:/

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Voting closed 11

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It should have been approved.

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Voting closed 68

"I've got a house, so I don't see why we should build any more."

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Voting closed 55

Let’s say you think Little League would be a better game if you allowed 4 strikes instead of 3. Not a completely crazy position, maybe batters’ reflexes develop more slowly in kids than pitching skills; maybe getting more batters on base and having higher scoring games would give more action and would help develop all of the players faster and more effectively.

The place to make that argument is most certainly not with the umpire in the middle of a game.

The purpose of the appeals process is to grant exceptions in cases in which a literal application of the zoning rules would shaft an applicant due to extraordinary circumstances not foreseen by the zoning laws.

If you think the zoning laws are overly restrictive, then the remedy is to change the zoning laws, not to expect the appeals process to hand out variances with no real justification. That latter approach just invites favoritism, abuse, and overall lack of confidence in the system.

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Voting closed 23

In baseball, the rules are well understood and set up to promote a competitive game.

Zoning in Boston was created to be discriminatory and has been fantastically successful at making a few people wealthy and excluding anyone else, while being disastrous for the environment. Zoning rules are dumb and should be ignored: I don't have the data in Boston, but in Somerville in 2016 only 22! properties were legal https://www.vox.com/2016/6/16/11948630/somerville-zoning-illegal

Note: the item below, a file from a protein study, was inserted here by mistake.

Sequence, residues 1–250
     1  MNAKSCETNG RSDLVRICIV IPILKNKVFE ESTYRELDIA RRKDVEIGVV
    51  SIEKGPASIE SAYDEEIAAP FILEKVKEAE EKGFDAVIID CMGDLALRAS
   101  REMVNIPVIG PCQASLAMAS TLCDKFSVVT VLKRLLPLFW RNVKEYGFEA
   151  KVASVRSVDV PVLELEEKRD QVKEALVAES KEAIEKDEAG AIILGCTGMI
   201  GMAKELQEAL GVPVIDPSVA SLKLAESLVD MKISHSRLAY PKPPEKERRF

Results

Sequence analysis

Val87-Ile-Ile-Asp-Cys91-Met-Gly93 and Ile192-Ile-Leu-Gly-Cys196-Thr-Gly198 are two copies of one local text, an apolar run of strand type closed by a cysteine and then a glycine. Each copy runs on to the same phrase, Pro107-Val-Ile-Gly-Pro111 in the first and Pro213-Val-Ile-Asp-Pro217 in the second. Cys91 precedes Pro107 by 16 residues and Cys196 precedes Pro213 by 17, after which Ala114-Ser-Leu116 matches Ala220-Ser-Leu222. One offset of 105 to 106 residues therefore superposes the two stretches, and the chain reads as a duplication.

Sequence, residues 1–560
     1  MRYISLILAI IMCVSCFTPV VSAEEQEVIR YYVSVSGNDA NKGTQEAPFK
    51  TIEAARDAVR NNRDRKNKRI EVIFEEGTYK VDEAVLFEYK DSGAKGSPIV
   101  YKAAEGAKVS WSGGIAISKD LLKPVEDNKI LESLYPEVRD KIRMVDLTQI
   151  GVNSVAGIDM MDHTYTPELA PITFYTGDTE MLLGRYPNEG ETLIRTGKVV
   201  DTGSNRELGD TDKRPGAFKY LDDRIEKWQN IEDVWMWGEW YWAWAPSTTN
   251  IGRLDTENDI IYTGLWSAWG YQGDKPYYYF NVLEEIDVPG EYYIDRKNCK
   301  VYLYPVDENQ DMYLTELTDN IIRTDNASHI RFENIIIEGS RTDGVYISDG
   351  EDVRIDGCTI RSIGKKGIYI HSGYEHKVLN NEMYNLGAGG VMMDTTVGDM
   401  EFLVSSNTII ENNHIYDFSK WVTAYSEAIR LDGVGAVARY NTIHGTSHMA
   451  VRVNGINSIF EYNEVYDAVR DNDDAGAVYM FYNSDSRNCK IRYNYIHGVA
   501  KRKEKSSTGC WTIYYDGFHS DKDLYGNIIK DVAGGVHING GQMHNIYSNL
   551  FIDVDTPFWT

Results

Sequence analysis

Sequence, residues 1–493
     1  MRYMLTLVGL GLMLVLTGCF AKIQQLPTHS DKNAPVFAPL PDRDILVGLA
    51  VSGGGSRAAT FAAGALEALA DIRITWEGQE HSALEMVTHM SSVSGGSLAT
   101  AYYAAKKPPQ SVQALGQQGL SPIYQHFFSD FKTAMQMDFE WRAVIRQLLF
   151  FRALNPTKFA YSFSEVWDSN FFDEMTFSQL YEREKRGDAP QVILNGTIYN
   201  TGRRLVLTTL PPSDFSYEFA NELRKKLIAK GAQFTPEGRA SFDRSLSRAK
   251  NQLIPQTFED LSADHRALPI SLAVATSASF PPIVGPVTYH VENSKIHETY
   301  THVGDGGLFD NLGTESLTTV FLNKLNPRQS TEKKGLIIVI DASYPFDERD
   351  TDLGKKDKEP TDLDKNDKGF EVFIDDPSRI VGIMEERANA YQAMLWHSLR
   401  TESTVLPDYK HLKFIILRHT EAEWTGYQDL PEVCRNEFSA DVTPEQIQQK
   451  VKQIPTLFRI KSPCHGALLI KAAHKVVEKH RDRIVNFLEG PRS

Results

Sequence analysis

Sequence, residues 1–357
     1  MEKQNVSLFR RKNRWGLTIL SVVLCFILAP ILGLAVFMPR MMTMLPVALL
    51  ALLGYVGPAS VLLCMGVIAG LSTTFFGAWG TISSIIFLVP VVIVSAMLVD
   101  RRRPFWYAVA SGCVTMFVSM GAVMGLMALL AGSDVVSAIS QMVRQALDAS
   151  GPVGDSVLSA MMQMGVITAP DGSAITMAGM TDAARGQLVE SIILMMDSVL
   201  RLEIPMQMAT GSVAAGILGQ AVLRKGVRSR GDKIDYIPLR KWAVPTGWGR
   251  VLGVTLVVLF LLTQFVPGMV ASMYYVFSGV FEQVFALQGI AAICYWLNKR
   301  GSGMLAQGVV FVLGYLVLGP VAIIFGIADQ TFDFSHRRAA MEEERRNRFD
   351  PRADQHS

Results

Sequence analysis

We should take every chance we get to build more housing, and not wait for the slow process of changing these dumb and often very harmful codes.

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Voting closed 32

We need to get rid of single family zoning. It was developed to keep minorities out of certain areas and it needs to go.

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Voting closed 16

You have to trust me, it wasn't zoning that was keeping black people out of parts of Boston when the zoning code was first enacted. There were whole neighborhoods full of dense, multifamily housing where black people couldn't buy, regardless of their income.

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Voting closed 19

It wasn't the number of strikes that kept Satchel Paige from playing in the major leagues.

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Voting closed 12

For the enforcement bureaucracy to simply ignore laws that it considers unreasonable is profoundly un-democratic. The body of law, imperfect though it is, is the best representation of the will of the people that we’ve got. Sure, the law can be profoundly wrong: look at Jim Crow laws for one example.

But dealing with laws you don’t like by not enforcing them is almost never the right answer. Having tons of laws on the books that are rarely enforced (that is, unless you’re out of favor with the power structure) is effectively a police state and corruption is inevitable.

Having zoning laws that ban everything is ridiculous. Dealing with that ridiculous situation by having the ZBA routinely hand out variances that aren’t warranted merely takes away the pressure to fix the zoning laws, and creates the situation where the zoning laws only apply if you hire the wrong lawyer or find yourself on the mayor’s “naughty list” that’s not the kind of society I want to live in, and the short term benefit of getting a little more housing built doesn’t outweigh the cynical loss of faith in democratic governance